In less than a month most of the world’s population will be celebrating a New Year. The rapidly approaching 2011 has been declared the “International Year for People of African Descent” by the United Nations.
Meanwhile, there is much to do and remember in December 2010. Last week, on Thursday, November 25, the city of Toronto celebrated Human Rights Day by presenting several awards to deserving Torontonians, during which several important dates for commemoration and remembrance in December were mentioned. Those dates include December 2 – the UN-recognized International Day for the Abolition of Slavery and December 6 – the National Day of Remembrance and Action on Violence Against Women.
The International Day for the Abolition of Slavery came out of the adoption of the UN Convention for the Suppression of the Traffic in Persons and of the Exploitation of the Prostitution of Others (resolution 317(IV) of December 2, 1949). To memorialize the resolution, a UN report of the Working Group on Slavery recommended in 1985 that December 2 be proclaimed the World Day for the Abolition of Slavery in all its forms and by 1995 the day was known as the International Day for the Abolition of Slavery.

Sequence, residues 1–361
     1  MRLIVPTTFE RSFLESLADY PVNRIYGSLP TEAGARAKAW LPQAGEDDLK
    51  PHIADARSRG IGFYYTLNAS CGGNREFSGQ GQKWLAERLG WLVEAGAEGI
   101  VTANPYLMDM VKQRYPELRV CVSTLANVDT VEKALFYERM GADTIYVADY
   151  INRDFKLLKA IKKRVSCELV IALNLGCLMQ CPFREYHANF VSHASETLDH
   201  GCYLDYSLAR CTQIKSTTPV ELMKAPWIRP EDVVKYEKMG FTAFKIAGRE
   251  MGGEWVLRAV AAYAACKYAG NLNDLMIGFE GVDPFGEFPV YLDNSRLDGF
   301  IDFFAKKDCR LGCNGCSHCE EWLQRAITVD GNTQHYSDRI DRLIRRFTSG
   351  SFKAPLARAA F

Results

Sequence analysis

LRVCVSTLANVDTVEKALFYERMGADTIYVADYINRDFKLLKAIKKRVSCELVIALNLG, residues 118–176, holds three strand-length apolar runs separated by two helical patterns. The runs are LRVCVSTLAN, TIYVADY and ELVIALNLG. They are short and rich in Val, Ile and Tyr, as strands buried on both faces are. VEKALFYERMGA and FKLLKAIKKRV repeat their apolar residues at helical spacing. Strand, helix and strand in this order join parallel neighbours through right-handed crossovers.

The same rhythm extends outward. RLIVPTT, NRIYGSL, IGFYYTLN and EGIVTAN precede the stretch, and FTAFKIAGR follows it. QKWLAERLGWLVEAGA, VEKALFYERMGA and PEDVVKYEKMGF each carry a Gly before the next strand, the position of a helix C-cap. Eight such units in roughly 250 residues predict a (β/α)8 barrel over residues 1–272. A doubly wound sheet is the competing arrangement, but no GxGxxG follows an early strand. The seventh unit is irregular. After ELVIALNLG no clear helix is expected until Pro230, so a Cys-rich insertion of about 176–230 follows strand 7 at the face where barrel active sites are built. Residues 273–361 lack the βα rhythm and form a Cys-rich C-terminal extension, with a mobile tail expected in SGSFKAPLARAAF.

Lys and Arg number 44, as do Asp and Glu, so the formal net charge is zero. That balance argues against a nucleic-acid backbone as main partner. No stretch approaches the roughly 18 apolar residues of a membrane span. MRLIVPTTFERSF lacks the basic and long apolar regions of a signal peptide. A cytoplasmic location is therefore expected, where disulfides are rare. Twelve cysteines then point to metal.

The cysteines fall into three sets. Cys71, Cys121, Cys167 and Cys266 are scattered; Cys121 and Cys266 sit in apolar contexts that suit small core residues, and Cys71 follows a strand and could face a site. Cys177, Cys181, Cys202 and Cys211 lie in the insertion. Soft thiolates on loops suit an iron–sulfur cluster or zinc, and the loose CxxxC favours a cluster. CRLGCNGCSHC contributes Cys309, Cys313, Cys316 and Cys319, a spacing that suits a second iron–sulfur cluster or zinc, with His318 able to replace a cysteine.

The commemoration of December 2 is recognition that the UN is committed to fighting against slavery and considers bonded labour, forced labour, child labour and trafficking people modern forms of slavery.
Some sources claim that more than a million children are trafficked each year for cheap labour or sexual exploitation. These are global problems and against article four of the Universal Declaration of Human Rights, which states that “no one shall be held in slavery or servitude; slavery and the slave trade shall be prohibited in all their forms”.